‘Where are my birds?”
You’re not alone in asking this question! In the past few days, we’ve had numerous phone calls & questions in the store about a significant slowdown in feeder activity. Everyone is seeing fewer birds at their feeders right now.
Don’t worry! It’s normal for this time of year and temporary. Traffic at your feeder is likely to start picking up as we get further into Autumn.
There are several factors as to why your feeders aren’t attracting as many birds recently, and it’s all to do with timing and how seasonal events overlap.
Why this is normal:
- October brings a bounty of natural food sources.
It’s harvest time! We’ve entered the peak of Nature’s food production. Plants are going to seed and berries are still abundant. Insects have not yet gone dormant. Your birds are very happily eating food provided by natural habitats and the native plants and insects in your garden.This year, because we’ve had a recent long stretch of warm, dry weather, it’s possible there is even more food than usual.
- Broods have dispersed.
All those juvenile birds are now winging their way alone and feeding independently. If you’re missing their squeaky voices and enthusiasm at your feeders, you’re not alone!
Some of our favorite birds have quietly left the area, heading south to their winter homes. It’s always sad to see them go, but this year we are feeling even more bereft.
What’s NOT normal:
- We’re alarmed and saddened by recent news on bird populations.
The recent report on the decline of bird populations since 1970 has us all paying closer attention to the quantity and variety of birds we’re seeing.
We’d be remiss if we didn’t factor in the affects of reading about this report by North America’s leading scientists and ornithologists in “Birds are Vanishing from North America” The New York Times article that first got our attention.
One month later, we’re still struggling to process the vast tragedy documented in this report and the stark reality that our birds are in “a full-blown crisis” (See Audubon.com press release, Audubon Declares a Bird Emergency ).
Any reassurance from knowing that a feeder slowdown is normal for this time of year is overshadowed by grief for the billions of birds that have disappeared in our lifetime, on our watch… This is profound.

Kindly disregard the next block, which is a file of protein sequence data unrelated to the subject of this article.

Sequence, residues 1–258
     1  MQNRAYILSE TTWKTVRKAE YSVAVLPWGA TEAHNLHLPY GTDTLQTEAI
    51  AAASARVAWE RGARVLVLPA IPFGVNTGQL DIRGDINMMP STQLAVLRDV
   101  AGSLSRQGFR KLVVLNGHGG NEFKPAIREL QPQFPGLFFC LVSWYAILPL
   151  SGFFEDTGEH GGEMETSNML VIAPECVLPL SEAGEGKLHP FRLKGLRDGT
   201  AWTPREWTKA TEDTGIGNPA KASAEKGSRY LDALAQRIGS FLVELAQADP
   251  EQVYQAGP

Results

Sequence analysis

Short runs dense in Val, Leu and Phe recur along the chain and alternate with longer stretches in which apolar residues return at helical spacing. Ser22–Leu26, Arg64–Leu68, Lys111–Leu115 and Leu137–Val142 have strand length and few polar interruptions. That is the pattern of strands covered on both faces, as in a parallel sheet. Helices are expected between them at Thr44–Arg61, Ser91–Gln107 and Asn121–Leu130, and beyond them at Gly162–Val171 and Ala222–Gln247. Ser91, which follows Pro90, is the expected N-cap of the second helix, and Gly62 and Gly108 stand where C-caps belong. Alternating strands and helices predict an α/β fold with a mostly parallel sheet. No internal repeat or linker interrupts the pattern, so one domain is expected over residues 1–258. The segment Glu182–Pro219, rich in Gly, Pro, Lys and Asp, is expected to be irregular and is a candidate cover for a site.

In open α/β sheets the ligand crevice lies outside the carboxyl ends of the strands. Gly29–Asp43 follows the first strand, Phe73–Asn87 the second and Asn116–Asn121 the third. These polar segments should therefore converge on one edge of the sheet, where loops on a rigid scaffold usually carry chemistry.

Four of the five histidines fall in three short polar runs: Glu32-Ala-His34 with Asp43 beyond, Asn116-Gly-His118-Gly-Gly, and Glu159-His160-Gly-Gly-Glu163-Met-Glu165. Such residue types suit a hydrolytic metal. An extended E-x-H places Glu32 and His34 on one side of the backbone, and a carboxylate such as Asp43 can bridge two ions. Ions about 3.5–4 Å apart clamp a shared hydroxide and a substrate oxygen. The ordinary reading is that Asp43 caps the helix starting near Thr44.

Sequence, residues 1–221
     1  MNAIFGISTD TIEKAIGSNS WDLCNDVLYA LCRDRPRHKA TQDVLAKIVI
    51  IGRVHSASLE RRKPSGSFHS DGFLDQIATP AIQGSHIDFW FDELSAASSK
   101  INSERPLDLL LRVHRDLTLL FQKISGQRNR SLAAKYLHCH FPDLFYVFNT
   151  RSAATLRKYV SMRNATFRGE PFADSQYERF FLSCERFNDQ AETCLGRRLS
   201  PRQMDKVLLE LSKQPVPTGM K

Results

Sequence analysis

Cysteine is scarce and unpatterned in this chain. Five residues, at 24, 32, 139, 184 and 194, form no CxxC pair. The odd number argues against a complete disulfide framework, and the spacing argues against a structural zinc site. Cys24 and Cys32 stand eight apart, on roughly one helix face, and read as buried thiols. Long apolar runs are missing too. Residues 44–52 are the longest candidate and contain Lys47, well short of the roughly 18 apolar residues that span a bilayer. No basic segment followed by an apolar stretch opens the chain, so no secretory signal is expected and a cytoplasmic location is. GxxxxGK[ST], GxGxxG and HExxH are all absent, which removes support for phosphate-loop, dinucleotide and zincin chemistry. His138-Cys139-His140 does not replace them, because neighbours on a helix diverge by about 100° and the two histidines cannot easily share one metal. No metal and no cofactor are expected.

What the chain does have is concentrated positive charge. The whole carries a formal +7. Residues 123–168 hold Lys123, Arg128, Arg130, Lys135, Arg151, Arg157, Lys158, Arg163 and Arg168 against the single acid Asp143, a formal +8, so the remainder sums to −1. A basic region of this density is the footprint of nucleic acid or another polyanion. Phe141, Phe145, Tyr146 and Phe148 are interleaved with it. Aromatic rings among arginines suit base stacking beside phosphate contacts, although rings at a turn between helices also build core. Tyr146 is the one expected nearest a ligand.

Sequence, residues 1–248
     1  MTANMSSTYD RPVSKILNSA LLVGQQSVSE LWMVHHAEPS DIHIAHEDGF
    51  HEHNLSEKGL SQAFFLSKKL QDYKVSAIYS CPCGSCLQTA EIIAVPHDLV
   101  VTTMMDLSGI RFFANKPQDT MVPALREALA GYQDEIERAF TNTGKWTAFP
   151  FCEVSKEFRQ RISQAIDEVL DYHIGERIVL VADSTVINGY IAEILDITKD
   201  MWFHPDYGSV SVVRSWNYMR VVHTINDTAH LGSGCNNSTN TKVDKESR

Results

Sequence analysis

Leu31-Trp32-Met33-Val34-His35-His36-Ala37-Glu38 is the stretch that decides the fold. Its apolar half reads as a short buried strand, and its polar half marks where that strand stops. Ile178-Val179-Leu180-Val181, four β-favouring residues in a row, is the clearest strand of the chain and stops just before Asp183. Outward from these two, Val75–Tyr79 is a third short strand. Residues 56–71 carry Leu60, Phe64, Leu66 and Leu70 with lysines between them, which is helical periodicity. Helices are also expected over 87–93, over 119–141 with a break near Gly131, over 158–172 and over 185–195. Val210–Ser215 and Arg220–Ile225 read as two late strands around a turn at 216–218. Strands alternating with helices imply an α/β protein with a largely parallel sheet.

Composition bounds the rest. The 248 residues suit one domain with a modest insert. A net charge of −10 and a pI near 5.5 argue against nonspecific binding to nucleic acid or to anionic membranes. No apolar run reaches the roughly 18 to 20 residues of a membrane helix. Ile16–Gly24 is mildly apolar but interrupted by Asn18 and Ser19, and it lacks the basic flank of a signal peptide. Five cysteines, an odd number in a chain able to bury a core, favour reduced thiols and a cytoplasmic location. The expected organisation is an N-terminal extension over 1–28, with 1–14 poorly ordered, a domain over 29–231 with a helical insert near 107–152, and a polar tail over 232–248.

When there are suddenly fewer birds at our feeders, in the back of our minds maybe we’re all thinking the same thing: ‘What if they don’t come back?’. Immediately followed by ‘What can we do to help them?’.
Finding the good news
If there’s good news to be found, it’s that so many birds are finding natural food right now and our micro-habitats are making a difference.
And it’s also good news that so many people are paying close attention and sharing their concern.
But maybe the best news is that there are things we can each do to address the biggest threats to wild birds existence: habitat loss, free-roaming domestic cats, pesticides and windows.
What we can each do—right now
In our homes and businesses
- Put decals on the outside of our windows.
It’s estimated that up to a billion wild birds per year die after crashing into glass. See The Cornell Lab of Ornithology’s recommendations ‘Why Birds Hit Windows—and How You Can Help Prevent It’.
- Keep our cats indoors.
The Smithsonian Migratory Bird Center lists this as the No. 1 human-caused reason for the loss of birds, aside from habitat loss.
In our yards
We can help support birds by creating and maintaining micro-habitats in our yards, which includes:
- CRITICAL: Stopping the use of all pesticides!!!
Native insects are a huge food source for birds and especially for their babies. Food for nestlings must stop disappearing.
Maximizing every bird’s feeding opportunity by providing fresh high calorie nutrition. Quality seed and clean feeders matter!
Keeping fresh, unfrozen water accessible 24/7, 365 days a year.
Planting native trees and shrubs for protective cover and providing secure nesting opportunities with thoughtfully placed bird houses for the cavity nesters.
- Stop doing so much yard work!
Leaving our leaves as protective cover, using them as mulch, leaving them to compost and eventually, to become topsoil. Not deadheading your flower garden—the Goldfinches would love to do that for you!
See Gardening for Wildlife by the National Wildlife Foundation.
Support the American Bird Conservancy‘s fight to protect our birds from insecticides and other threats. See their website here for three direct actions we can take right now.
What we can keep doing
In 50 years, will our grandchildren be asking us “Where are all the birds?”.
The big picture is overwhelming, but it’s easier to feel empowered when you consider this:
Even the smallest individual micro-habitat is making a difference. But, with our collective efforts, there’s unlimited potential.
If you have your habitat established already, your next action is as simple as influencing just one other person to start a backyard habitat. You could be starting a ripple effect that goes for miles and miles!
We know these ripples can happen because it’s already begun. There is a growing patchwork of habitats beginning to connect neighborhoods, counties, regions and states; serving to secure migratory flyways and as corridors for wildlife to return.
- Expanding and taking our habitats to the next level
- Encouraging our friends and neighbors to start habitats.
- Inspiring and involving our children and grandchildren.
The future normal.
In 50 years, let’s hope our great-grandchildren get an updated report that confirms an amazing resurgence in the wild bird population, within every species. Every effort we can make now, no matter how small, is a step in that direction.